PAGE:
In the beginning is the word, and we write for ourselves. Secret notebooks stashed in backpacks, odd scribbles on napkins or the back of a shopping list. Sometimes a string of words so bright we repeat and repeat them hoping the glamor of it won’t fly off before we can net the wild thing on paper. That’s how it begins.
Then we gather large stories in small rooms, tentatively sharing what we’ve written. That’s the next step, and the one that binds us to each other as writers. We grow into our voices and become fearless on the page.
Finally, we go out into the world. This time, family and friends in a familiar place so all this bravery has elbow-room and a soft place to land. There’s a certain alchemy in hearing your voice read aloud the words you’ve written, and to see an audience rapt. For you.
Next time, we’ll fling poems and stories even wider, because we can.
Top, left to right: Jennie Strange – Blackbird Academy executive director, Amy Ness – art instructor. Middle, left to right: Laura Craig, Hannah Laws, Mary Margaret Hambuchen. Bottom, left to right: Amy Ness, Tara Walls – dance instructor, Jennie Strange, Pam James.
Special thanks to Something Brewing for welcoming us and for having iced coffee on such a hot evening.
You know, the ones with the secret notebooks who sit there at the poetry reading flipping raggedy stained pages over and over, listening to the brave one up there reading, and thinking, hey – my stuff is this good, I’ll do this. But the chair they’re sitting in is too far away or the clapping quits too soon or goes too long and the time they semi-rise to take the moment they’re beat by by some other sweaty-handed poet. There’s defeat and safety in that second when the butt hits the bottom of the chair. Exhale.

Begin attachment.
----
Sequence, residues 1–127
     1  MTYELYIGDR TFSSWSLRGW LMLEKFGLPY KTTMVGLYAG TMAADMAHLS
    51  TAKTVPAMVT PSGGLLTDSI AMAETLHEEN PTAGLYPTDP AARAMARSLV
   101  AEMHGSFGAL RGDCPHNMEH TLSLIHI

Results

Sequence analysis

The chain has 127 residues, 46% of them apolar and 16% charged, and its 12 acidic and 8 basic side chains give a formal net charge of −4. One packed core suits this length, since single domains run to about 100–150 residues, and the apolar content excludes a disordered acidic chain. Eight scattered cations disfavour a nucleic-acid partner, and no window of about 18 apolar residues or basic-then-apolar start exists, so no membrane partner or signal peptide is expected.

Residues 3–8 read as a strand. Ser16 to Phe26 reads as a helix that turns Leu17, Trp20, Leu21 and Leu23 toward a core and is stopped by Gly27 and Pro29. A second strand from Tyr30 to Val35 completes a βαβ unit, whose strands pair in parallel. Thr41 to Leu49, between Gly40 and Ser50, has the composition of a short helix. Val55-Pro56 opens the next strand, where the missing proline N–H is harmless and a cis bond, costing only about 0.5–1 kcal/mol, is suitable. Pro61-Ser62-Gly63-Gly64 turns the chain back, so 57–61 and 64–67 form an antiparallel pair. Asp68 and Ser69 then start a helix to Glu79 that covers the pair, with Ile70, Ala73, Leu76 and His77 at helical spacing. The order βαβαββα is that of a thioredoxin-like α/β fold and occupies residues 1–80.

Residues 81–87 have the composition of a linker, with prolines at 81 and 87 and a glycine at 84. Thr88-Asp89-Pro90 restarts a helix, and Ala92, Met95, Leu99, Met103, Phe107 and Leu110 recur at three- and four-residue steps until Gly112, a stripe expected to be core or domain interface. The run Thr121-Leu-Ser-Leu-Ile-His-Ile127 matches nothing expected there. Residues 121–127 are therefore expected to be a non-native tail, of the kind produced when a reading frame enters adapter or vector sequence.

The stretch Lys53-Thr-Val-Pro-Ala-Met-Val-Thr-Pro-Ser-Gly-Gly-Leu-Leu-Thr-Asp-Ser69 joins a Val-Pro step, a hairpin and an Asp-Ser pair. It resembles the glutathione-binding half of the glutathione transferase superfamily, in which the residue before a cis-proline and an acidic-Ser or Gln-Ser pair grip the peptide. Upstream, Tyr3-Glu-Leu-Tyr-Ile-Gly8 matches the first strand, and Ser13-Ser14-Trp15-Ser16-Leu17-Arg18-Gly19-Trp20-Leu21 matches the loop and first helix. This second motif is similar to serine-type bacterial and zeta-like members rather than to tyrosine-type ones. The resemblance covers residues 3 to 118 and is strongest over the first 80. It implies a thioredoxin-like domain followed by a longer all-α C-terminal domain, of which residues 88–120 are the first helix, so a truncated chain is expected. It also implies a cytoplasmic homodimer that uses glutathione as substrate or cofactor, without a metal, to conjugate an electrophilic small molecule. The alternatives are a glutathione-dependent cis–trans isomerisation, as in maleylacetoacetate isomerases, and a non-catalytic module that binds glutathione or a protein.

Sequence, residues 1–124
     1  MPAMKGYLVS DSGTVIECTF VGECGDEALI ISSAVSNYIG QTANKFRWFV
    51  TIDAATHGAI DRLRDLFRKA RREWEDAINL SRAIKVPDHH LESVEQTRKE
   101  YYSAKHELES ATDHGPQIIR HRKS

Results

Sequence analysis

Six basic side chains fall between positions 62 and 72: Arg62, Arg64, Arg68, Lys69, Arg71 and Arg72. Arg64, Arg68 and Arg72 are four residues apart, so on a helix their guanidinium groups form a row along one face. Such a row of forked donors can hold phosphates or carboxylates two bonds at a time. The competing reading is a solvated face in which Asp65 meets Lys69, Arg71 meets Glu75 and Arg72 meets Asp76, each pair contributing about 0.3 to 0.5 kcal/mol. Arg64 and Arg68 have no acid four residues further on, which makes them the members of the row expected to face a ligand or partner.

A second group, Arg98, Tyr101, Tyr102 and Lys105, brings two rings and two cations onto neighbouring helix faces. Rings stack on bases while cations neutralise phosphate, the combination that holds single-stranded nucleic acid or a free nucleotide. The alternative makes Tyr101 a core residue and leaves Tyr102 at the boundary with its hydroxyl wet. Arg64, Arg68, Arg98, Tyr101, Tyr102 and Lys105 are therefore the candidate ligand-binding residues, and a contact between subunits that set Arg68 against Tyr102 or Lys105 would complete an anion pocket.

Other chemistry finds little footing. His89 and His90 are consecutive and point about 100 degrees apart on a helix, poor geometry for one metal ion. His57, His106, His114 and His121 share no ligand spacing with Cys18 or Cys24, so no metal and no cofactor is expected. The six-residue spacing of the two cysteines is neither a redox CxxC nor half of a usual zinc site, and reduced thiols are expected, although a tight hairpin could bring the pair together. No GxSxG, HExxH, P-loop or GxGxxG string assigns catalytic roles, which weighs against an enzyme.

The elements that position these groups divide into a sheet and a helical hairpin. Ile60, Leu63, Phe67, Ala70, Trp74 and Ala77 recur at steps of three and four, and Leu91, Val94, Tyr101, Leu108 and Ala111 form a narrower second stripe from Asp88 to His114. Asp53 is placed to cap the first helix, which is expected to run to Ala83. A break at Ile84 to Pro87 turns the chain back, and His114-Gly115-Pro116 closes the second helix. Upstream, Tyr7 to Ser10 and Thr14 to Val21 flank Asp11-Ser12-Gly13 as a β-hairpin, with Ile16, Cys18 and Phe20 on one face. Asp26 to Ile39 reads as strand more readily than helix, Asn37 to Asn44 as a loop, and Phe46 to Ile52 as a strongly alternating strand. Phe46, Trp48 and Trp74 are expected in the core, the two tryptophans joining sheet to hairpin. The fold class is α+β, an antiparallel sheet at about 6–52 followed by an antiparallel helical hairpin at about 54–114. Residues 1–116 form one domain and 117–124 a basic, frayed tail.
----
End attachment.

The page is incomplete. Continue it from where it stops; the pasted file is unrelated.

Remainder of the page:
See, what happens then is they make the decision to close the notebook or just take the goddamn room like a poetry-slinging Visigoth, and when the clapping stops for the last one I can read it all over them in bold, black, Sharpie slashes under their eyes, boiling warrior adrenaline and ready, I tell you, ready.
So when they finally do lift off their seats there’s no looking right or left, just the stark front of the room where the distance between teller and crowd is a coliseum staring you down, harboring literary expectations, demanding: Don’t. You. Dare. Suck.
And they don’t. Much.
After, the body still pumps hard-wash through them. Glazed eyes and fingers crazed, wringing that sacred notebook until the covers go soft, curl to fit in a fist. The next poet is on the floor but the last one is still blood-pressured, eye glazed, sweating into a t-shirt and writing in his head the better one for next time. When it’s over he’ll write for hours scratching cheap ballpoint pens on disfigured pages and that chemistry homework will just have to be late.